Why we don't discount
When I lived in South Carolina, I ran a very, VERY large independent wine/beer/liquor store. Our prices were more than competitive with our competition. Now, this is common in the South Carolina wine scene where the best price is always sought out, forcing the price down to its lowest, reasonable price. Then I moved back to Virginia...
I still get sticker shock when I see other wine stores charge obscene prices for their wine. However, what is most insulting is that they say that if you buy an arbitrary amount of wine, you will get a discount. I'll put it better in an example:
"Chateau Pickpocket: $25.00/bottle
If you buy 6 bottles of Chateau Pickpocket: $22.50/bottle
If you buy 12 bottles of Chateau Pickpocket: $21.25/bottle
If you buy 24 bottles of Chateau Pickpocket: $18.75/bottle"
Why don’t they simply sell the wine for $18.75 the whole time?
I never really understood the quantity discount where you want to force people to buy more product. Where else do you see this? Unless it is something like a "10 for $10 promotion, you don't see it in food pricing... You don't see it much in retail (I know I'm probably forgetting something...). I mean, if I get 10 steaks at a restaurant, do I have to pay for the fat or is that discounted off?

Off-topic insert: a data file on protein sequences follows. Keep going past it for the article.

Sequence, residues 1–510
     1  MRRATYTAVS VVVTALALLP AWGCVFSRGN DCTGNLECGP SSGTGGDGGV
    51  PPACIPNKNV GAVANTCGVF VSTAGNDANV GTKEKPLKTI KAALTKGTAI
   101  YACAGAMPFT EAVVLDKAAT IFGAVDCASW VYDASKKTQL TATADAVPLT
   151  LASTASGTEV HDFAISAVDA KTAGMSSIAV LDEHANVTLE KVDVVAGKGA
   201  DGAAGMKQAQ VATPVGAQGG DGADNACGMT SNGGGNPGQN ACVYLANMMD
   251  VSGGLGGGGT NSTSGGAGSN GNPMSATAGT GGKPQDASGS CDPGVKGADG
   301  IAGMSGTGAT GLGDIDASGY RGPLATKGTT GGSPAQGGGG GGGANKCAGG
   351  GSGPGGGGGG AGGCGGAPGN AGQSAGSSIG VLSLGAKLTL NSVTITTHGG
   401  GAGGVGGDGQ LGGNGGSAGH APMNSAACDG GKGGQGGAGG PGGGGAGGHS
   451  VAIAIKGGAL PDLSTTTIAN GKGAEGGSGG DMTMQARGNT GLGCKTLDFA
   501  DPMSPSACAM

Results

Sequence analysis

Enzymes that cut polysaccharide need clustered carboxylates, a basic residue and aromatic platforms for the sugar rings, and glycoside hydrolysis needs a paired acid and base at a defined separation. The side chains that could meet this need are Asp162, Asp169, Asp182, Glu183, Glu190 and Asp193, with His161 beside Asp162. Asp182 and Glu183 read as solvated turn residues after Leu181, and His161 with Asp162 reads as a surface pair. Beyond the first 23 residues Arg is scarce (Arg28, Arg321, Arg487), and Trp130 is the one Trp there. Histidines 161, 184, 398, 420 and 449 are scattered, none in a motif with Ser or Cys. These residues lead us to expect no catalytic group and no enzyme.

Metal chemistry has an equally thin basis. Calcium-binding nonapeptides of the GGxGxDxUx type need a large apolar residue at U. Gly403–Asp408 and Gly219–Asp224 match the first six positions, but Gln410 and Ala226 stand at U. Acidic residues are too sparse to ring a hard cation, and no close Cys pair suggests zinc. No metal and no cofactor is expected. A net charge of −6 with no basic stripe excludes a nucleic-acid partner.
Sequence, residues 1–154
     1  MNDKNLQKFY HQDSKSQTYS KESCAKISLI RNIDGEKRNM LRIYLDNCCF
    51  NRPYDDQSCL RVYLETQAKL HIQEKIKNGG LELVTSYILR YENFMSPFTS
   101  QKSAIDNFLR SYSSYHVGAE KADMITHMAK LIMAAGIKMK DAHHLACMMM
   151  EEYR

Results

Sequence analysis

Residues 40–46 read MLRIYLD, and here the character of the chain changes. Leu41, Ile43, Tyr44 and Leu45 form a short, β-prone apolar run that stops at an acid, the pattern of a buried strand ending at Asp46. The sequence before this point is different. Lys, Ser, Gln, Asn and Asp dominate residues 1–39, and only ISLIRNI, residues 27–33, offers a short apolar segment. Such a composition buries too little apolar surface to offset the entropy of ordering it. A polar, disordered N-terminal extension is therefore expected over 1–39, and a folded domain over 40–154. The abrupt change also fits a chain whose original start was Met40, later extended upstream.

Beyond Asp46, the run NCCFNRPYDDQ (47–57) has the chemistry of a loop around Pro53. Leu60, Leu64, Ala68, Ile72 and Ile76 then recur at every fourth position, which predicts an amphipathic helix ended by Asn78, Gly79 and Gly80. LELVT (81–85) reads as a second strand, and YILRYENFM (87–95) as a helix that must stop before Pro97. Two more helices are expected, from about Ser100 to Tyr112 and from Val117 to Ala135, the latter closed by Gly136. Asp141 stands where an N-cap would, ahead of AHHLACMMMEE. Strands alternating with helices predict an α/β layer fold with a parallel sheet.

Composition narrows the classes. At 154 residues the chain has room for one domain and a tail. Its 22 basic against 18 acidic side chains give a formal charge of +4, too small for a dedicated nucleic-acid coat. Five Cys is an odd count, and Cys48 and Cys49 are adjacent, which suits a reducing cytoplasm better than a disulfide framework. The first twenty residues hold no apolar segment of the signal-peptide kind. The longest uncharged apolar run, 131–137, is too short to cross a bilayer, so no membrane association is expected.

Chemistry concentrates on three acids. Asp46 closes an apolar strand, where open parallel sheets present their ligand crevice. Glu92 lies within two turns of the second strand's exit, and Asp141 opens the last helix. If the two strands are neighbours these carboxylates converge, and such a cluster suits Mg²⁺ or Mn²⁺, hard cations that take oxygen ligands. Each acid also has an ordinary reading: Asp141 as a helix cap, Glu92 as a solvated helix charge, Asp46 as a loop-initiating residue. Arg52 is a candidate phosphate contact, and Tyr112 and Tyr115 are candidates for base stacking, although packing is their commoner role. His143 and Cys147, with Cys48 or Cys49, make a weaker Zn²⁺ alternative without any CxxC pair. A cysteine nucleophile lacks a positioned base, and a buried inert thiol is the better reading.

Wine, for some reason has become a business based in quantity deals, when I buy and when you buy. If I buy 3 cases of wine from "Distributor A," I will be able to pay much less than if I only bought a few bottles (called "frontline" prices). What's more is that my markup is insanely low, so low that I come dangerously close to losing money if I were to offer a discount, so you should look at it this way: you get a discount from bottle one. Now, I don't want to make accusations to any store, but I want to pose this question: if they can afford to give you a "25%" off discount, how much are they marking it up to begin with?
It doesn't sound like a discount. It sounds like a ransom.
- Josh Mason